In Seven Spells to Sunday we have another of Andre Norton’s collaborative novels for children, from the same publisher and the same era (mid to late Seventies) as the Star Ka’at series. According to the author bios, her collaborator, Phyllis Miller, had the idea, “inspired by a young reader who asked for a book about ‘real magic.’” But the book reads as pretty much straight Norton.
There are two protagonists, both misfits, both in foster care. Monnie is a tough, streetwise, not very nice almost-ten-year-old. Bim is about the same age, much more timid, and much beset with bullies at school and on the street. They live with a nice couple who have a daughter in her late teens, but they’ve both been bumped around the system and they both expect to be moved on sooner or later. There’s no talk of their being adopted. They clearly expect to keep living in other people’s houses until they finally age out of the system.
Then one day, in a vacant lot near the apartment, Monnie finds an old purple mailbox. Moved by an impulse she can’t explain, she salvages it and sets it up. She writes her name on it and, again for no explainable reason, makes up a letter to put in it, asking for mail in return.
Bim catches her at it and adds his own name to the box. Monnie resents that, and him, very much, but once it’s done, there’s no changing it. They’re both caught up in whatever purpose the box has for them.
Over the next week, on alternating days, the children start receiving mail in purple envelopes with the name of the recipient on each one, and stars instead of stamps. Monnie gets girl-coded things: a silver broom charm, a “Voo-don’t” (versus voodoo) doll, a magic mirror. Bim gets boy things: a silver wand, a strange candle or torch, a wire star.
Each item has magical powers. The first two of each set work beneficial magic. The third is darker. Then on Sunday, all is revealed, as the star snatches Bim away to a strange, witchy past, and Monnie gets lost in the space between portals and has to be rescued. Finally, when all the magic has worked itself out, the children emerge to a new and hopeful future.
It’s still not adoption, but rather a sort of positively spun orphanage/halfway house. Which is a little bit strange and a little bit sad. I really was expecting the Johnsons to adopt them, instead of announcing that they’re about to move elsewhere to care for a sick relative, so it’s great timing that the foster kids have been selected for this great new program. The kids seem to think this is wonderful news, but it feels like kind of a letdown.
It’s an odd book. The moral undertone is strong, and it’s heavily gendered. Monnie’s magical plot coupons teach her to clean up messes (both her own and others’), wish good things for other people, and overcome and vanquish her own worst impulses. Bim’s versions save him from bullies and teach him to stand up for himself. He has to face his dark side, too, but not nearly as explicitly or at as much length as Monnie. Because girls have to suppress themselves so much more strongly than boys, while also doing the cleaning and the emotional labor. At least Bim volunteers to help Monnie clean up the worst mess her magic gets her into. And then of course he has to rescue her, though he also has to be told to do so by the witchy old lady.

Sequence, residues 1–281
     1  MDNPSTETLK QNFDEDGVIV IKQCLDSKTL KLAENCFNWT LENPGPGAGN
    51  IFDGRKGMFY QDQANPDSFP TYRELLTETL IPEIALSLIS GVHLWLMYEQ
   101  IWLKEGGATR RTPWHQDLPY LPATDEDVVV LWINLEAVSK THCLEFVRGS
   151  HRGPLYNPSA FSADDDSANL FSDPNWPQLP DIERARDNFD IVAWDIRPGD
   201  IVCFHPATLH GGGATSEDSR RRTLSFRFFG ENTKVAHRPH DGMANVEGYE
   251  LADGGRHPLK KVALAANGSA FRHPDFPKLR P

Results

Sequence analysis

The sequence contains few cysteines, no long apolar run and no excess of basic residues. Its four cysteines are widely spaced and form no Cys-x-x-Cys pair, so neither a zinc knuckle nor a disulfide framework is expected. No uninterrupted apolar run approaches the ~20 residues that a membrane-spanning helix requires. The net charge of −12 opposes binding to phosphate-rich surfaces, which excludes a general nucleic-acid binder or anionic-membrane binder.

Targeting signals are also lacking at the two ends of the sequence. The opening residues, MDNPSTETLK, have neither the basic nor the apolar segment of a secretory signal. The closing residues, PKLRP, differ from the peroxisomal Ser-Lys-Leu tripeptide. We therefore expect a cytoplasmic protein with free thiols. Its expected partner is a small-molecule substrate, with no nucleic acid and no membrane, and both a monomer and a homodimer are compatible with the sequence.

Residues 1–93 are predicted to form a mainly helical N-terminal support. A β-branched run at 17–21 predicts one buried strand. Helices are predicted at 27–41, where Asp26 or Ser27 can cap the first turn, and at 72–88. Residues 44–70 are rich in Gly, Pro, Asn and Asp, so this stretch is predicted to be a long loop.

I doubt either author was aware of the ways in which their story reinforced Seventies gender roles. Monnie is the assertive one and Bim is the constant victim, but the point of their magical journey is for her to become nicer and give herself a makeover, and for Bim to become more traditionally masculine. Then they get to go to, basically, boarding school. But it’s a good school! They’ll love it! And they get to stay, presumably, until they become adults.
One Norton tendency really stood out to me in this one. Both Monnie and Bim do most of the things they do without knowing why. That’s probably Norton’s most noticeable habit. The plot moves the characters, and the characters don’t have much say in it. Sometimes they do resist, but resistance is usually futile. The plot will do what the plot will do. The characters’ purpose is to comply.
I don’t really see “real magic” here, unless we’re meant to interpret “real” as kids from troubled backgrounds finding magic in the mundanity of a vacant lot and an abandoned mailbox. It’s still magic; it’s still outside the realm of the ordinary. It controls the kids rather than the other way around, and molds them into more conventionally acceptable versions of their original, grubby, misfit selves.
Next time I’ll move on to another novel with Sunday in the title: Sneeze on Sunday. That’s odd enough to be intriguing.
Judith Tarr has written historicals and historical fantasies and epic fantasies and space operas, many of which have been published as ebooks. She has won the Crawford Award, and been a finalist for the World Fantasy Award and the Locus Award. She lives in Arizona with an assortment of cats, a blue-eyed dog, and a herd of Lipizzan horses.